Superstitions Ruled Kensington in the 50s and Before
I remember as a small child walking down Wishart Street with a friend. I stepped on a crack in the sidewalk, and my friend yelled: “Step on a crack and break your mother’s back.” I ran home to see if my mom was okay.
It was terrible luck to have a black cat walk across your path. I’m not sure what was supposed to happen, but it was very bad back in the 1950s. Now I feel bad for the cats. God forbid if you walked under a ladder, and that is something I still will not do. Not because it’s bad luck, but because at the top of the ladder, there might be a klutz like me. I don’t need to get hit on the top of my head with a hammer.
If you saw a penny on the pavement, it was exciting, unless it was tails up. I never was much for this one, the penny being more important than good luck. Still just to be safe, I would flip it over, being sure it continued to touch the concrete and then picked it up. If I were walking with a friend and we came to a pole, we always walked past it on one side. Sometimes just to piss off the other person, I would, at the last minute, have the pole split us.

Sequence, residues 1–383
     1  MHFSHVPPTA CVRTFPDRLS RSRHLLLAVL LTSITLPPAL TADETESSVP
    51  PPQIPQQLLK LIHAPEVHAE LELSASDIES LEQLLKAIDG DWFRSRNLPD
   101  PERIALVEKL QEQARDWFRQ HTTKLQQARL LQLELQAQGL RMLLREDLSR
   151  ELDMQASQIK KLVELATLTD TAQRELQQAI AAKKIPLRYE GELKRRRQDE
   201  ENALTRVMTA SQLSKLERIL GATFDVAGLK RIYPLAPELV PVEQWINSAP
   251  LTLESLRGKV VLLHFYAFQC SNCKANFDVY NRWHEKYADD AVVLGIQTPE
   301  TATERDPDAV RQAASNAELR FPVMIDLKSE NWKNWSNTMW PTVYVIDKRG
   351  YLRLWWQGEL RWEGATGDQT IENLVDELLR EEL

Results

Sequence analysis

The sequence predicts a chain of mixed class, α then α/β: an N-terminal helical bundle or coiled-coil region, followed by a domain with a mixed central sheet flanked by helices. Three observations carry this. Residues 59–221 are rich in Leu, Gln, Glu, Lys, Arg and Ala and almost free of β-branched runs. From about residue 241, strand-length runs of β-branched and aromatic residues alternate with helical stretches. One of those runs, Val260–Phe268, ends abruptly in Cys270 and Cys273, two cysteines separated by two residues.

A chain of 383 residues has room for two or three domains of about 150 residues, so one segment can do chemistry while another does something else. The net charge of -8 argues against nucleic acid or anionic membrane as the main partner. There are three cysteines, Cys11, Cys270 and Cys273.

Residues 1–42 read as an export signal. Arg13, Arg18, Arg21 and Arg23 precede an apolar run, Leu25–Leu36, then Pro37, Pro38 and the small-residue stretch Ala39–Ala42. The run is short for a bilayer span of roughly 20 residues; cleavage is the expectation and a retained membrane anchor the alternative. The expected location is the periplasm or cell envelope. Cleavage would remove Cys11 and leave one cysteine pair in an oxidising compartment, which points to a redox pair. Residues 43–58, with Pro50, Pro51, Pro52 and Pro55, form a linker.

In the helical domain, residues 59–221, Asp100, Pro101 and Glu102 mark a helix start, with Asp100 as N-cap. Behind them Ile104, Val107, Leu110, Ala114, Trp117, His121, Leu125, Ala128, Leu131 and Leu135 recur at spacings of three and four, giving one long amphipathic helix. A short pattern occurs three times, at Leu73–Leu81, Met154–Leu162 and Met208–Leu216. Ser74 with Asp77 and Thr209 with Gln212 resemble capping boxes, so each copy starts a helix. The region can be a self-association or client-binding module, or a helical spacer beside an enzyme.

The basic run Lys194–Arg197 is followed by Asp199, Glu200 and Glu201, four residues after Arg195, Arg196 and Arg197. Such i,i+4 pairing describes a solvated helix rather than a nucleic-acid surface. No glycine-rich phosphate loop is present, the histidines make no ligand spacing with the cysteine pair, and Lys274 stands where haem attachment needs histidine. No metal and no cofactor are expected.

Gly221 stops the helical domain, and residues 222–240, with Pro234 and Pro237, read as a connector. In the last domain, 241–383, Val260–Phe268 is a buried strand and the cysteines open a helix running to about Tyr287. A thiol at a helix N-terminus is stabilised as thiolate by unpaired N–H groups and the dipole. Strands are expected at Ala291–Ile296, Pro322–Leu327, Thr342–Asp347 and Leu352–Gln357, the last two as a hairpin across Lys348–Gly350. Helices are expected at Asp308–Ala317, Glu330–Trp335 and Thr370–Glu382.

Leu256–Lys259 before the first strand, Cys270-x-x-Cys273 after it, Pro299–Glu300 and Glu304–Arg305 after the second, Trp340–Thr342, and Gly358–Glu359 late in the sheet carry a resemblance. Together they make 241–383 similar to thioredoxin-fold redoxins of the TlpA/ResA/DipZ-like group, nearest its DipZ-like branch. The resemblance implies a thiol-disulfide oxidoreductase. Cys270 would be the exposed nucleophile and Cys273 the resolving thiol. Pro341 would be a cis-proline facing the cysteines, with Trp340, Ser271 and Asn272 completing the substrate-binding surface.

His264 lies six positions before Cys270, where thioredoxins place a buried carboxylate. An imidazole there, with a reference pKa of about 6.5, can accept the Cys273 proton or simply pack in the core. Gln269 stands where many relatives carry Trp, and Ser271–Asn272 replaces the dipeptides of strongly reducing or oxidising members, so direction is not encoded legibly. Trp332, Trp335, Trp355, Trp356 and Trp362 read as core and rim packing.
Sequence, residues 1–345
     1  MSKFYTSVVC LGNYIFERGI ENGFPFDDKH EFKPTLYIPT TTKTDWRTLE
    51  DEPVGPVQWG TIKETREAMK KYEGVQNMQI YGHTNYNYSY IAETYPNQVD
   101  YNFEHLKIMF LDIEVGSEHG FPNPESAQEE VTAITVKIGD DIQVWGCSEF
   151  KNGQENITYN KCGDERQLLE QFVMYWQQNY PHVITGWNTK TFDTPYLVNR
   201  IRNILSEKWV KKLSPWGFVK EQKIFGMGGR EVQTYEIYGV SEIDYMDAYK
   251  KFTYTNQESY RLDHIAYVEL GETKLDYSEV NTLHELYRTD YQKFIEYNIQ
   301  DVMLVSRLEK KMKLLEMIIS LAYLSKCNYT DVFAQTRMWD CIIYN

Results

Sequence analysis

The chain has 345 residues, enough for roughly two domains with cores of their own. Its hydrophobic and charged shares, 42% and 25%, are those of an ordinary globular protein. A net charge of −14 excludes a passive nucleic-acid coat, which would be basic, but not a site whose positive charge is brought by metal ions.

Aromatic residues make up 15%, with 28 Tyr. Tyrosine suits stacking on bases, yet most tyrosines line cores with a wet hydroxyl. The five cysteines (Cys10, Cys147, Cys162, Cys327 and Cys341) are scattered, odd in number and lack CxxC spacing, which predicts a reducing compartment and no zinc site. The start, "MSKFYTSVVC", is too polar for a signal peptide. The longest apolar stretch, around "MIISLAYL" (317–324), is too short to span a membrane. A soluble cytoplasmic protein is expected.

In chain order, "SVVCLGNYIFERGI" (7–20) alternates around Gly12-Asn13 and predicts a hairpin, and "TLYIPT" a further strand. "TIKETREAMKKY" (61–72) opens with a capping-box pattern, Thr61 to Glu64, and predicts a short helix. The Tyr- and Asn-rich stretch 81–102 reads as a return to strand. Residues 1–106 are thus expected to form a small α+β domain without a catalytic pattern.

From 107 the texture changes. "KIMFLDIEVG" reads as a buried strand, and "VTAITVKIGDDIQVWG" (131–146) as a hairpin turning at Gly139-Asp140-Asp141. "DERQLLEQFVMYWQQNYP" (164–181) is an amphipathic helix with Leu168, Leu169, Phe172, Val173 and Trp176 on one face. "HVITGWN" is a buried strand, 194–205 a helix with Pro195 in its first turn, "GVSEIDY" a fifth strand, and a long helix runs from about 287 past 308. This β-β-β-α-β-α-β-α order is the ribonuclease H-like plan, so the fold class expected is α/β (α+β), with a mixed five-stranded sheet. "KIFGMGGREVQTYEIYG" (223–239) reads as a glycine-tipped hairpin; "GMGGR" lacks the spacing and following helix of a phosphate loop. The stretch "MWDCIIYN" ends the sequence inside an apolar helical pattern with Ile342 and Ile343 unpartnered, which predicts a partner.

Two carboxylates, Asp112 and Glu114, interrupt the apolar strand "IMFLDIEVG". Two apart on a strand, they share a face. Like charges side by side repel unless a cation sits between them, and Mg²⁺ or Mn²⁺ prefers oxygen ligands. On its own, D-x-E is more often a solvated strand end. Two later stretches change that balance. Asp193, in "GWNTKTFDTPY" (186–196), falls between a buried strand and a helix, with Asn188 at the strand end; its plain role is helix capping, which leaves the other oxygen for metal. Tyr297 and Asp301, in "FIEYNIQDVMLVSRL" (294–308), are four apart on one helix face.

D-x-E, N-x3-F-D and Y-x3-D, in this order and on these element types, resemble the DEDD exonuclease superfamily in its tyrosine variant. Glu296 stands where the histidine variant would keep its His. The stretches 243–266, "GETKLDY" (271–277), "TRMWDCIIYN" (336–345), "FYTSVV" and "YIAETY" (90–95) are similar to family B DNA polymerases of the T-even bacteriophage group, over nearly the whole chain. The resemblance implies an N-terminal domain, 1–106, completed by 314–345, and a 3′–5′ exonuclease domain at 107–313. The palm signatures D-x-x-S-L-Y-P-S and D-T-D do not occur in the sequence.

If your palm itched, you were destined to get a windfall of money. That one never worked for me. If you happened to have a horseshoe over a door, it better be upsidedown, or your good luck will spill out. Don’t ever, ever spill salt without throwing some over each shoulder. If you talked about something good that happened or you wanted to happen, you knocked on wood.
As a redhead kid, I hated this superstition. Rubbing the head of a red-haired kid would bring you luck. If you found a four-leaf clover, you were in for some hellacious luck. There weren’t many four-leaf clovers in Kensington, but there was no shortage of red-haired kids.
Every kid had a Rabbit’s foot for good luck. Good luck for you, not the rabbit. If you could see the stars, which was difficult because of smog, and you saw a shooting star, it was good luck. Opening an umbrella inside your house was absolutely the worse thing you could do.
Here’s one I think maybe came from the soldiers coming home from one of of our wars. Never, ever, under the penalty of death light three cigarettes with one match.
Help me, please!!!! I can’t remember any others. Do you?
Most of these superstitions came over from Europe and Africa with our ancestors and became ingrained into the culture. Many are of Irish origins.
Originally posted on The Kensington Neighborhood Alumni Group on Facebook.